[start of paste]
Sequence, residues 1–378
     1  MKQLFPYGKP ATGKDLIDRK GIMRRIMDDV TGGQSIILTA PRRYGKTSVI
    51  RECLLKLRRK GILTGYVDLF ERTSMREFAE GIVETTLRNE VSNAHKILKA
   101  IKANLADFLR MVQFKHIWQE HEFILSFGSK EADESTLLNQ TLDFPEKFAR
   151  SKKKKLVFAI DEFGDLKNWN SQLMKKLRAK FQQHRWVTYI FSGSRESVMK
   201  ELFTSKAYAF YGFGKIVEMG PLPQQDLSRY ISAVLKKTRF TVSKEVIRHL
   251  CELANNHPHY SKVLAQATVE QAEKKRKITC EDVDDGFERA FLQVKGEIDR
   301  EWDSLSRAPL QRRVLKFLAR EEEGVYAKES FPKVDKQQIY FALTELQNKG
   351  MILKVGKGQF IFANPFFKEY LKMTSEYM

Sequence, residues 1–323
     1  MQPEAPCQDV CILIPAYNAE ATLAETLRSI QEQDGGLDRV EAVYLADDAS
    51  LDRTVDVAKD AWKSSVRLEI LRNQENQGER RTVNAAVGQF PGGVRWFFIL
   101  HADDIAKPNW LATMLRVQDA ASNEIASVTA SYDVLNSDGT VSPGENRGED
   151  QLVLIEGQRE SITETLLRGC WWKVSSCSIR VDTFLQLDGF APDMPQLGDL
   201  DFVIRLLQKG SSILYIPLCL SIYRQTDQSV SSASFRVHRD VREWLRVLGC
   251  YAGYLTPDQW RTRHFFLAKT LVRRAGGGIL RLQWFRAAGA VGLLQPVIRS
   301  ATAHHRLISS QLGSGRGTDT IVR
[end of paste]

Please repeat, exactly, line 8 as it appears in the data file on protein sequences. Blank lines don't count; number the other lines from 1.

   301  EWDSLSRAPL QRRVLKFLAR EEEGVYAKES FPKVDKQQIY FALTELQNKG